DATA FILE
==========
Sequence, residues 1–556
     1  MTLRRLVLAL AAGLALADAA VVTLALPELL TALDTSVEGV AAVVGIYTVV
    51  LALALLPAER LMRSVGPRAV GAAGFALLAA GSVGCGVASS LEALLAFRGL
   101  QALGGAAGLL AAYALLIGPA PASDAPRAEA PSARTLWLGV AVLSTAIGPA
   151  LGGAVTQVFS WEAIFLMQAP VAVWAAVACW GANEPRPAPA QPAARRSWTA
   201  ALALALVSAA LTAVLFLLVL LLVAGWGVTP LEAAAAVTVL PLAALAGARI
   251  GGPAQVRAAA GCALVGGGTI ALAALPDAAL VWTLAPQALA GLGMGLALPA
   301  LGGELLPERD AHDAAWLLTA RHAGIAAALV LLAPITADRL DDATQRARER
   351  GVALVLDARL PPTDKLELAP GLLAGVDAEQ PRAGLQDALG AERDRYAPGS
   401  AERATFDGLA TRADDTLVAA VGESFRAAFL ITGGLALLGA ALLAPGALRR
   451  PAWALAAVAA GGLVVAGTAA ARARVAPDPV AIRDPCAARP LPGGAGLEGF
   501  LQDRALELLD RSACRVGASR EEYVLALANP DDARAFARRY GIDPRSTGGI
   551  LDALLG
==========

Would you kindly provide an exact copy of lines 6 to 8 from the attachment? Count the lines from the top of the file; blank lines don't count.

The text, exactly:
   201  ALALALVSAA LTAVLFLLVL LLVAGWGVTP LEAAAAVTVL PLAALAGARI
   251  GGPAQVRAAA GCALVGGGTI ALAALPDAAL VWTLAPQALA GLGMGLALPA
   301  LGGELLPERD AHDAAWLLTA RHAGIAAALV LLAPITADRL DDATQRARER